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Drawing a line in the sand


Britain's consultants and contractors are having a whale of a time in Dubai.

Construction spending there is predicted to top £50bn over the next few years and revenues from some of the extraordinary infrastructure projects under way are already adding to the boardroom feelgood factor.

Apart from the almost fantasy Palm Islands - which are being dredged from the Gulf to expand Dubai's waterfront - there is an astonishing list of schemes that leave you open-mouthed at the chutzpah of Dubai's leaders.

Hundreds of futuristic high rise buildings, theme parks, golf courses, new lakes and a 75km long canal are on the books. There is also investment for a new fi nancial centre, an expanded international airport expecting 100M passengers a year, colossal container ports and dry docks, even whole new cities.

Half the fun for UK companies working there is that they can give full vent to the gung-ho, 'yeah, we can do anything' approach to the world of construction that has been curtailed by regulation, rather than funding, in Europe lately.

You would have trouble getting anyone to admit this on the record, but Dubai's attitude to things like environmental sustainability has been interpreted as rather less onerous than we are used to here. 'Environment's not really an issue, ' say the often not-soold Middle East hands, usually with a grin.

Is this a problem- After all it is Dubai's money and Dubai's choice. If its leaders want to burn gigawatts of electricity desalinating sea water in order to keep the golf courses verdant who are we to criticise?

And can we really say a word about dredging billions of cubic metres of rock and sand from the Gulf when we are doing the same in the North Sea?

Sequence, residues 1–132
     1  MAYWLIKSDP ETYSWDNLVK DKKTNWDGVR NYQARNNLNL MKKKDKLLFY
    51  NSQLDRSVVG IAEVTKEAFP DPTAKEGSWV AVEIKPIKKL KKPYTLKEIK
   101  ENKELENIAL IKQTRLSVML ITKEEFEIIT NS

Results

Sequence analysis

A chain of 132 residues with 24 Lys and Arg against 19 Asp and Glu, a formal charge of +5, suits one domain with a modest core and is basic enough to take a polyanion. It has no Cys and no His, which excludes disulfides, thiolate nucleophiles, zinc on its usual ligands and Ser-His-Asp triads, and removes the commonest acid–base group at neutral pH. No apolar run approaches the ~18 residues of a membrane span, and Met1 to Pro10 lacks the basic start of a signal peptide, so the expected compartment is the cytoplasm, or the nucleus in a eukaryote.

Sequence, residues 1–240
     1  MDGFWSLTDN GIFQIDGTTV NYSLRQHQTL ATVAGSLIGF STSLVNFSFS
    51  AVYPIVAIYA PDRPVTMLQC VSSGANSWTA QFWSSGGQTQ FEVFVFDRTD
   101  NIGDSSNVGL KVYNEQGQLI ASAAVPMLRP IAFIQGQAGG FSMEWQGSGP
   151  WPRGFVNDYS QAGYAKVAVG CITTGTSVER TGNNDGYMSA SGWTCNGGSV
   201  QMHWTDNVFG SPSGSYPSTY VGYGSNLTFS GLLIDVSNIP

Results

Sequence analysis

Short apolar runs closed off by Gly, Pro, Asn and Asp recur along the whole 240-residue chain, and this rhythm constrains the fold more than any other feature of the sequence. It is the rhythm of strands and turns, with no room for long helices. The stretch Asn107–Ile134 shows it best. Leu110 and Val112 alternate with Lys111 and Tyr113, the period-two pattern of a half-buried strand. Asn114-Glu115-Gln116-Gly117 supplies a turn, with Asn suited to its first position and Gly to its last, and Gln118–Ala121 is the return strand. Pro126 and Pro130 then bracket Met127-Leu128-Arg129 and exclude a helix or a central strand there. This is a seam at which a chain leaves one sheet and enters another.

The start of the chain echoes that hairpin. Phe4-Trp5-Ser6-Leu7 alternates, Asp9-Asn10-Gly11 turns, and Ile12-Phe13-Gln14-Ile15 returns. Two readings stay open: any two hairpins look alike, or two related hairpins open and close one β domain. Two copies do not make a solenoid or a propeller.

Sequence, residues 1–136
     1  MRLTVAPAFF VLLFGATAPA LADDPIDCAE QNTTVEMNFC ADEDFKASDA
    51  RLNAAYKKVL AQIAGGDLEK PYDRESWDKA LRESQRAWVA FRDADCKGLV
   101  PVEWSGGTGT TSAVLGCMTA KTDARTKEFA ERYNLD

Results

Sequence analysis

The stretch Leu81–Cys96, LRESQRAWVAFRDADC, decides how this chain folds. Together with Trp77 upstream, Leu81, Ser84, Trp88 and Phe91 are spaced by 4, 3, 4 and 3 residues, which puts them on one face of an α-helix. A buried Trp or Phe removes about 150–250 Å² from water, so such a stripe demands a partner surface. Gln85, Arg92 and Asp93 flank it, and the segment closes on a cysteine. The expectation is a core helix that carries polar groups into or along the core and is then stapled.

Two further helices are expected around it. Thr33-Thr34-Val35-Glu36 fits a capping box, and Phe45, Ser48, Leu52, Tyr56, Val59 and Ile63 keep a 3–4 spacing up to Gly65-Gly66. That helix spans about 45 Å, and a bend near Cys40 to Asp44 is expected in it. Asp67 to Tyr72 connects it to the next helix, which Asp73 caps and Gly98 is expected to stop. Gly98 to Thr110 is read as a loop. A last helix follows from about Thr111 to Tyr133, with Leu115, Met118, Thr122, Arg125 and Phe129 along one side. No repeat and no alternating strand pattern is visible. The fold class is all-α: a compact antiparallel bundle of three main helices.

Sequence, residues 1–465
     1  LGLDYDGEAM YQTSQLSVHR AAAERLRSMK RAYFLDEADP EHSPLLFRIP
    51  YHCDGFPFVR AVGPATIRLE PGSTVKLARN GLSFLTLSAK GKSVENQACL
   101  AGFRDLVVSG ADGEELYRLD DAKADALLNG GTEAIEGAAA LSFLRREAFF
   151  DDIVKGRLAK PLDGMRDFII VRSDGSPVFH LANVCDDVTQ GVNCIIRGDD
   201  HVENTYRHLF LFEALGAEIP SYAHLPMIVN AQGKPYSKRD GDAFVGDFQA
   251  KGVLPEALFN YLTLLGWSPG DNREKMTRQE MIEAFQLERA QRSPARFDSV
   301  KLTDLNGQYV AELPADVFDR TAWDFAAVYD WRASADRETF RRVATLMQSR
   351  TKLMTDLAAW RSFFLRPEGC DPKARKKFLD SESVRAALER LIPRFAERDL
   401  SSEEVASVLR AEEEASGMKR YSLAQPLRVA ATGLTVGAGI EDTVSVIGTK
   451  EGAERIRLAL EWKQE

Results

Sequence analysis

Anyone remember Ilisu Dam in Turkey- The sudden worldwide environmental backlash against its construction led to international contractors Balfour Beatty, Impregilo and Skanska quitting the project in 2001.

The environmental lobby has yet to really get its teeth into the Gulf, but that does not mean it won't.

News that London 2012 Olympic masterplanner EDAW is considering pulling out of the coastal development opposite the Palm Jebel Ali project, because it is unhappy with some aspects of the scheme, indicates that environment is moving up the agenda for some Western companies.

The UK's consultants and contractors have put enormous effort into marketing themselves to clients and the City as environmentally conscious and aware. They have built up big business divisions on the back of their environmental expertise.

If they appear to be tearing up the script in Dubai, then they run the risk of looking light on principles, giving the punters what they want to see in one place, but dropping the façade elsewhere.

Which will not be good for business.

This is not necessarily what is happening, of course. But it would be good to hear the environmental justification and more about the protection and mitigation measures being applied to Dubai's fantastic vision by UK companies.

Long term it might be vital they have it fully to hand in order to fend off any concerted criticism.

Jackie Whitelaw is NCE's managing editor

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